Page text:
And how you end a sentence, too. What is in the middle, not so much.
We know this from some studies that flushed out a couple of effects you are probably familiar with.
The first one is primacy, and it refers to our tendency to remember items at the beginning of a list. For example, read the following words:
Now, without looking at the list, how many of those words do you remember? Write them down if it helps.
More than likely you will only remember the first word. Maybe the second. Chances are you’ll also remember two or three words at the end of the list (which is known as the recency effect).
What you won’t remember are any of the words in the middle.
Furthermore, studies suggest you’ll always remember more words from the end of the list than from the beginning simply because those are the last words you read. Thus, recency.
In 1946, Solomon E. Asch upped the ante with studies that evaluated the impact the position of words had on people. He shared these results in the Journal of Abnormal and Social Psychology. The study we care about involves how we position adjectives to describe a person.
Read the following two sentences.
- “Steve is smart, diligent, critical, impulsive, and jealous.”
- “Steve is jealous, impulsive, critical, diligent, and smart.”
These two sentences contain the same information. However, when a group of participants were given the first sentence, they reported “Steve” in a positive light. The group given the second sentence? Yep. They reported “Steve” in a negative light.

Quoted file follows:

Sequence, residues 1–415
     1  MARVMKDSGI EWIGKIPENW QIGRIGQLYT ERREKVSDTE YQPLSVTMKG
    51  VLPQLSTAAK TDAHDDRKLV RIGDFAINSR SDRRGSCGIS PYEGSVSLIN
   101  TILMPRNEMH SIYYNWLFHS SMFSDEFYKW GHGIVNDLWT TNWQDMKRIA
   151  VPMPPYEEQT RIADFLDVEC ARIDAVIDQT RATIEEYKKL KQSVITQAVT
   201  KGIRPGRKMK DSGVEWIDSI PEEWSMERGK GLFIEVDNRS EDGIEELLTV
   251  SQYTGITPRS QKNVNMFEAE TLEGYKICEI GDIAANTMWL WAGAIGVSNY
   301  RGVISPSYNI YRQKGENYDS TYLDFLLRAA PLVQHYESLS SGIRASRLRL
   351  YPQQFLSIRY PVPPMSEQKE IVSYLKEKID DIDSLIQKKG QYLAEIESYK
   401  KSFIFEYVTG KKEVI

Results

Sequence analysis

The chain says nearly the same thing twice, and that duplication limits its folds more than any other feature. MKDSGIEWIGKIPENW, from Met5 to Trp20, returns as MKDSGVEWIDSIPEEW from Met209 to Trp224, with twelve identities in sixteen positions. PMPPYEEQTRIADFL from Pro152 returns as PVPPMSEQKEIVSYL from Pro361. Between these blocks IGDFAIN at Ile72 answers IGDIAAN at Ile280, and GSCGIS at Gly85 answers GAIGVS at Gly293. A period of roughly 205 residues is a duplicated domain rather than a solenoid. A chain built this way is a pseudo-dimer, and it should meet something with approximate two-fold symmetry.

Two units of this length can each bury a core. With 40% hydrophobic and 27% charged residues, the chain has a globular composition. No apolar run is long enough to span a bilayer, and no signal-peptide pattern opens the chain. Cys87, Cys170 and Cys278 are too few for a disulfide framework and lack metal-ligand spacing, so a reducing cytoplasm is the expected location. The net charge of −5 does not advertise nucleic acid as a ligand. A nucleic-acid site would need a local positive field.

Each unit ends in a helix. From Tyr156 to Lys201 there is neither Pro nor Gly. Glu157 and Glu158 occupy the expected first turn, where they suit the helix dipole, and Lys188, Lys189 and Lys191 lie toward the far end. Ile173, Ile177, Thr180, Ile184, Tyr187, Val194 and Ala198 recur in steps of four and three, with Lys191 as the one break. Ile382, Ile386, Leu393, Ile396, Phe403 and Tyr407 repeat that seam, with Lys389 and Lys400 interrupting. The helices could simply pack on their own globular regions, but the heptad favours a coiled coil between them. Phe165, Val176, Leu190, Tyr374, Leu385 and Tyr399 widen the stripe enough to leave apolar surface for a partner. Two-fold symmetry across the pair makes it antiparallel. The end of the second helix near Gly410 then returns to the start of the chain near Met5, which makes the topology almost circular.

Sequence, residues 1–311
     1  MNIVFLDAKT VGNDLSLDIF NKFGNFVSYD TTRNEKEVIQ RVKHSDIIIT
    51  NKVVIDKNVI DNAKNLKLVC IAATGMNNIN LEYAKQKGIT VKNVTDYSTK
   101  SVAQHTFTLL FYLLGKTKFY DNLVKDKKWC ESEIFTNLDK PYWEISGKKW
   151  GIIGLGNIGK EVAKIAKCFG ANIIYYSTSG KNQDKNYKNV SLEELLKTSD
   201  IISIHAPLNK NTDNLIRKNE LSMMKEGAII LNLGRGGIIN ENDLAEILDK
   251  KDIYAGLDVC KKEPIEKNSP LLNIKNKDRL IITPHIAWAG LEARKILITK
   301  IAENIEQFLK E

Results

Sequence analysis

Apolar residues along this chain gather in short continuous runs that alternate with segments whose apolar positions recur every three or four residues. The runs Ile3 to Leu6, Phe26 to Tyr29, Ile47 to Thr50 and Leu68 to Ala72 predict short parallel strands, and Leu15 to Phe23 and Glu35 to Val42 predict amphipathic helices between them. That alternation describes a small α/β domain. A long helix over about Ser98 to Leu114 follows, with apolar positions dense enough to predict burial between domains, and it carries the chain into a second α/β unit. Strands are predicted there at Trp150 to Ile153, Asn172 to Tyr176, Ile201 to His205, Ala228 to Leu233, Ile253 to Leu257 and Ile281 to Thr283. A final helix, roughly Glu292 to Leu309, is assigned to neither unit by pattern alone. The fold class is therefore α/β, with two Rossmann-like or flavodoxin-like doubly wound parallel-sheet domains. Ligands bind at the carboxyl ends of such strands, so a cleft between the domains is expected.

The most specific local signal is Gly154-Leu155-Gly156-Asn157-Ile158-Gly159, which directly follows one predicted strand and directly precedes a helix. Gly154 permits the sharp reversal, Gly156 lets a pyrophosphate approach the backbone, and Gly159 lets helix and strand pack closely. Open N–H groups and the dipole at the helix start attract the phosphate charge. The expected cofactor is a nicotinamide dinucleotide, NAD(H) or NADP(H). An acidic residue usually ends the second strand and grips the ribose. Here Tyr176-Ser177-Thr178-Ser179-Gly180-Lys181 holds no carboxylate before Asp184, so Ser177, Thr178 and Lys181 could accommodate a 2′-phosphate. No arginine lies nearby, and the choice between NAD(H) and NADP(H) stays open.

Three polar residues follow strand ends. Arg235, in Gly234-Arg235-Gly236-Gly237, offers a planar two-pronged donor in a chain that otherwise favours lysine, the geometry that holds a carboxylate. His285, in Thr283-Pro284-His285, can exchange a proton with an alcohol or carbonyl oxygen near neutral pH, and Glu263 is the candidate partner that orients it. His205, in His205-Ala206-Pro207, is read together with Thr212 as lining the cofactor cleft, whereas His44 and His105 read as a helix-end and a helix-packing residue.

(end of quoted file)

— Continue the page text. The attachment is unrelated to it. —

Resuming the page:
The uses for this should be obvious (Frank Luntz anyone?)
Thirty years later William Crano decided to sharpen the distinction the impact order has on meaning. His studies uncovered additional effects, particularly with the use of adjectives:
- Change of meaning hypothesis: Early adjectives establish an expectation, which the reader then filters all the subsequent adjectives through.
- Inconsistency discounting: Adjectives presented later that don’t match earlier expectations are downgraded.
- Attention decrement hypothesis: Early adjectives wield considerable influence than later ones.
These conclusions are important when it comes to persuasive writing for several reasons.
For instance, we often bury critical information regarding instructions in the second or third sentence of a paragraph. Most people only read the first sentence of a paragraph. And of that first sentence, because of the unbreakable law of the web, most people only read the first half before moving on.
In such cases, primacy is more important. But there are times when recency is just as important. Take this long-winded sentence from Lisa Miller’s 2012 article “Listening to Xanax“:
Twenty years ago, just before Kurt Cobain blew off his head with a shotgun, it was cool for Kate Moss to haunt the city from the sides of buses with a visage like an empty store and for Wurtzel to confess in print that she entertained fantasies of winding up, like Plath or Sexton, a massive talent who died too soon, “young and sad, a corpse with her head in the oven.”
That it ends with “young and sad, a corpse with her head in the oven” is not an accident.
Decisions had to be made when crafting that sentence. Guaranteed it did not flow from Miller’s mind in the published form. It was a piecemeal affair, an experimentation with effect.
And this is the craft of writing. The creativity that can’t be rushed.
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